Certain LC families, such as κ4 and λ6, have been shown to be overrepresented in LC deposits (Solomon et al. 1982; Denoroy et al. 1994; Stevens and Argon 1999). Earlier work from our laboratories has focused on the in vitro fiber-forming capability of two members of the κ4 family, LEN and SMA. LEN differs from the germline sequence by only one somatic mutation, and was isolated as a Bence Jones protein from a patient with no evidence of amyloid deposits (Wilkins Stevens et al. 1995). SMA has eight amino acid substitutions relative to LEN and was isolated from a patient with LC amyloidosis (Wilkins Stevens et al. 1995). In vitro, LEN is a thermodynamically stable protein. SMA, however, is less thermodynamically stable than LEN (Raffen et al. 1999). Furthermore, we have shown that the purified, recombinant VL of SMA forms fibers upon incubation with shaking at 37°C (Raffen et al. 1999; Davis et al. 2000). These results support the hypothesis that a conformational change in the protein is a prerequisite for fiber formation.

Based on our in vitro studies, we have proposed a molecular model for LC fiber assembly (Davis et al. 2000). The identification of a VL-derived peptide that prevents fiber formation suggested that an intermolecular loop-swapping event is important for fiber growth. The peptide is hypothesized to serve as a competitive inhibitor of fiber formation by binding to a crevice in the VL vacated by a mobile loop containing the peptide. The physiological relevance of these in vitro experiments is currently unknown.

To begin to address these questions in vivo, we have expressed the complete LC of SMA or LEN in COS cells and examined their fates. Our data show that an amyloidogenic protein can aggregate intracellularly. We find that, unlike LEN, SMA is slow to fold and is readily recognized as an unstable protein. It is dislocated into the cytosol, where it either aggregates into inclusion bodies or is degraded by proteasomes. The chaperone Hsp70 interacts with SMA in the cytosol and plays an important role in its fate. Overexpression of Hsp70 improves the solubility of SMA and decreases its aggregation. Furthermore, we find that the same molecular surface required for fibril formation in vitro is important for aggregation in vivo. The same Hsp70-binding peptide that we showed to inhibit fibril assembly in vitro prevents aggregation of SMA in cells. This ability to modulate the degree of intracellular LC aggregation with chaperones and peptides suggests that rationally designed peptides may provide effective treatment modalities for a variety of amyloidoses.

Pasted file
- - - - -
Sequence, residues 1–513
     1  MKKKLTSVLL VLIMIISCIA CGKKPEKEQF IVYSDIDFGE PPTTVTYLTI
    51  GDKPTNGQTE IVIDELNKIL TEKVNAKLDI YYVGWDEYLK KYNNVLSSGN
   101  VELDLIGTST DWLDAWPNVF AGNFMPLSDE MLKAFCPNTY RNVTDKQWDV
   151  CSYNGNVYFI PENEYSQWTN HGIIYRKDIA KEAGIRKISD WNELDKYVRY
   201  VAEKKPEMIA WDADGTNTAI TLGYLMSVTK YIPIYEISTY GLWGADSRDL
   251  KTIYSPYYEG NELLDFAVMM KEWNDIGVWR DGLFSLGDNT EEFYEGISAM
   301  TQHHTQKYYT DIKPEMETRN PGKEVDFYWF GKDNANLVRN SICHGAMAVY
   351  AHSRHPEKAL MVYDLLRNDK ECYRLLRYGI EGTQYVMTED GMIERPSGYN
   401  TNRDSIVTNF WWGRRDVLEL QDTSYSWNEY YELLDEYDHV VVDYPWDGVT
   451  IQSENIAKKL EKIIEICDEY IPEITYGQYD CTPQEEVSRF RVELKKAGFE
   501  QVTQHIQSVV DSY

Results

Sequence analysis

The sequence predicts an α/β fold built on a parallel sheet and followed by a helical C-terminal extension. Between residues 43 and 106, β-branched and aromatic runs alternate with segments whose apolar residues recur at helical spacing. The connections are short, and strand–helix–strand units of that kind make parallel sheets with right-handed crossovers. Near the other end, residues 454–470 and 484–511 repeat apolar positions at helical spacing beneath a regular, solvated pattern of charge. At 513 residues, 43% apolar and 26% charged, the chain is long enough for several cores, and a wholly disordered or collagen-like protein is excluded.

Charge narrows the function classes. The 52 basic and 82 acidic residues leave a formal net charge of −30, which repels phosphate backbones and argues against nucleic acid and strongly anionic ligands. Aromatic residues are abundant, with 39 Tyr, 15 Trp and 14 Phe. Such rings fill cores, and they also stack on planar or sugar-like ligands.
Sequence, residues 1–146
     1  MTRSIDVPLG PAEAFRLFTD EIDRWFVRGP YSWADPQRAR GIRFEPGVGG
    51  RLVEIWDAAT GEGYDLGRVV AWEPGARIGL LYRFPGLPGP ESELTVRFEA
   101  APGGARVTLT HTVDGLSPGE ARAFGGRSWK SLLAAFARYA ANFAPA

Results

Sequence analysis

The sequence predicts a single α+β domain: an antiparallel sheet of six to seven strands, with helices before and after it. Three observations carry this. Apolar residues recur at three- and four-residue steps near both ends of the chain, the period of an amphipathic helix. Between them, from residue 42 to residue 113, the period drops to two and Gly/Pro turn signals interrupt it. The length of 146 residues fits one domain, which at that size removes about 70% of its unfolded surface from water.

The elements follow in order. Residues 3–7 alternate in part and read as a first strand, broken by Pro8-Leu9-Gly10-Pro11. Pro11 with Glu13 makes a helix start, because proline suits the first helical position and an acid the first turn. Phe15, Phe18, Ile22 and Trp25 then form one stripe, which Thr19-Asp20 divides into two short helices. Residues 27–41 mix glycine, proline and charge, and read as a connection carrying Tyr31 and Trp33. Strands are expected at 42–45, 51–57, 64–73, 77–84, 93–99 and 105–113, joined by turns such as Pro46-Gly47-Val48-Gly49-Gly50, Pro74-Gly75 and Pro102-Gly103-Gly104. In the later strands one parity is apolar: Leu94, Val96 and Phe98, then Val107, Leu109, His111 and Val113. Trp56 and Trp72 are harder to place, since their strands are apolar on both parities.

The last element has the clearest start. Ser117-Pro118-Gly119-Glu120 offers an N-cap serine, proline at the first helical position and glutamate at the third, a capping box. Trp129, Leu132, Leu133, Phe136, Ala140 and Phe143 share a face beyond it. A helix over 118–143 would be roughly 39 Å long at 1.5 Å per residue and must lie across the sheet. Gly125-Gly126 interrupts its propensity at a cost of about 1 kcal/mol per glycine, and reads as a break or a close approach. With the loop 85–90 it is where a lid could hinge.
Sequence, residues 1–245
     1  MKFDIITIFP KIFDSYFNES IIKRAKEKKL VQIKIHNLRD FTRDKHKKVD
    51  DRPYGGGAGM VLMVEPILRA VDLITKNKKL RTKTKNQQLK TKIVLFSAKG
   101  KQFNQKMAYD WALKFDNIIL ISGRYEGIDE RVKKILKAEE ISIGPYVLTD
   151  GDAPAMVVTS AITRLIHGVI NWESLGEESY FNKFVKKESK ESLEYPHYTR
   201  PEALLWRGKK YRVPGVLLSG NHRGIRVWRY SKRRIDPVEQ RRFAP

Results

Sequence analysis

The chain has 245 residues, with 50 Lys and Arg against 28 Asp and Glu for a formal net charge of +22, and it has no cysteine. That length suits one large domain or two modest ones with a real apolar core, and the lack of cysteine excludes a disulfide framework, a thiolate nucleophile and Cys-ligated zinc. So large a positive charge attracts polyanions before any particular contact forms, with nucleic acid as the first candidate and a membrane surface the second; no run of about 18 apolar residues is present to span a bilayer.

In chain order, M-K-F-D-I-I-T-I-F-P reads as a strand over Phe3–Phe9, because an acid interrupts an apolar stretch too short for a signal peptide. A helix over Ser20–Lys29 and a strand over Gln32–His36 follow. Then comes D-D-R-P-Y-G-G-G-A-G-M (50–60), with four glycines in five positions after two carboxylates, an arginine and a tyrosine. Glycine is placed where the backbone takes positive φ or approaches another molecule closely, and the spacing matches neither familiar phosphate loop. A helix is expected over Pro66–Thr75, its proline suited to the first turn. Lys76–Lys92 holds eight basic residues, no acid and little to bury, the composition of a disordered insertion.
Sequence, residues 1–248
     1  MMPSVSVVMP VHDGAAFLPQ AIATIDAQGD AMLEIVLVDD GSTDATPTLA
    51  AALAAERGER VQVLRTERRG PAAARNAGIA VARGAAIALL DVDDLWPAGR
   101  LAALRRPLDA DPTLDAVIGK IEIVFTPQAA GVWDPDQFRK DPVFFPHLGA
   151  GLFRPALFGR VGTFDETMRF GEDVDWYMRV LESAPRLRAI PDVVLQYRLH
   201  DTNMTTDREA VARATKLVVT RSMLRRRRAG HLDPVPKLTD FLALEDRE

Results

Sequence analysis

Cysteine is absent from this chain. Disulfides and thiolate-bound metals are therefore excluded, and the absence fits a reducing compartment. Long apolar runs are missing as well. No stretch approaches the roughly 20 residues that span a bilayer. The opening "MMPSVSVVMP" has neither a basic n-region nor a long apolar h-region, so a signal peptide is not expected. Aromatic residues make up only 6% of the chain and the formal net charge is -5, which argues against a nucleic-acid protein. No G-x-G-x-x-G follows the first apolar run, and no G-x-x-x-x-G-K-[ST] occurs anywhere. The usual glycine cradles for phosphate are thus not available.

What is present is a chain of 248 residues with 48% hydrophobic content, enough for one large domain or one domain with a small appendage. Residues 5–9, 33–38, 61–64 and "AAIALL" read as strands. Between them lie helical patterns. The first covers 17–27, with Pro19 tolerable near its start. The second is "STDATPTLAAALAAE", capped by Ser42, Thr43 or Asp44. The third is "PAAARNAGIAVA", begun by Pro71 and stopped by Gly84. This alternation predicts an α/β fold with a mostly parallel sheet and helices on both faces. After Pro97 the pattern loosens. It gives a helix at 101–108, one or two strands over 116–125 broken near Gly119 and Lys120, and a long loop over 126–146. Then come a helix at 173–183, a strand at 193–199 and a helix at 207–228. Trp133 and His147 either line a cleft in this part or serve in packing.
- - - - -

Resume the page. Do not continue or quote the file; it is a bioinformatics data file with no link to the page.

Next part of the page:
Materials and Methods

Plasmids

Constructs directing expression of the complete SMA and LEN LC, wild-type BiP and T19G BiP have been described elsewhere (Davis et al. 2000). An Hsp70 expression plasmid was constructed by PCR amplification of the inducible gene from the pETWThsp70 vector (Abravaya et al. 1992), a gift of Dr. R. Morimoto (Northwestern University, Evanston, IL). Amplified material was inserted into the vector pcDNA3.1 (Invitrogen). An epitope-tagged derivative of this plasmid was generated by an in-frame insertion of the hemagglutinin (HA) peptide sequence (YPYDYPDYA) at the NH2 terminus of Hsp70. An expression plasmid encoding HA-tagged serum and glucocorticoid-inducible kinase (SGK) was a gift of Dr. Suzanne Conzen (The University of Chicago).

Transfections

COS-1 cells were transiently transfected with FuGENE 6 transfection reagent (Roche Molecular Biochemicals) according to manufacturer's instructions, and analyzed 2 d later. Overnight incubations with various concentrations of N-Acetyl-Leu-Leu-Norleu-Al (ALLN; Sigma-Aldrich), 10 μM lactacystin (Calbiochem), 10 μg/ml nocodazole (Sigma-Aldrich), or various concentrations of peptides (University of Chicago Peptide Synthesis Facility) were begun the day after transfection.

Metabolic Labeling and Immunoprecipitation

Culture, metabolic labeling, lysis, and immunoprecipitation of COS-1 cells were performed as previously described (Dul et al. 1992). Eluates from equal cell equivalents were resolved on 11% reducing SDS-PAGE gels. The following antibodies were used in immunoprecipitations: rabbit anti–human kappa light chain (Bethyl Labs), goat anti–human kappa light chain (Caltag), and mouse anti–ubiquitin (StressGen).

Immunoblotting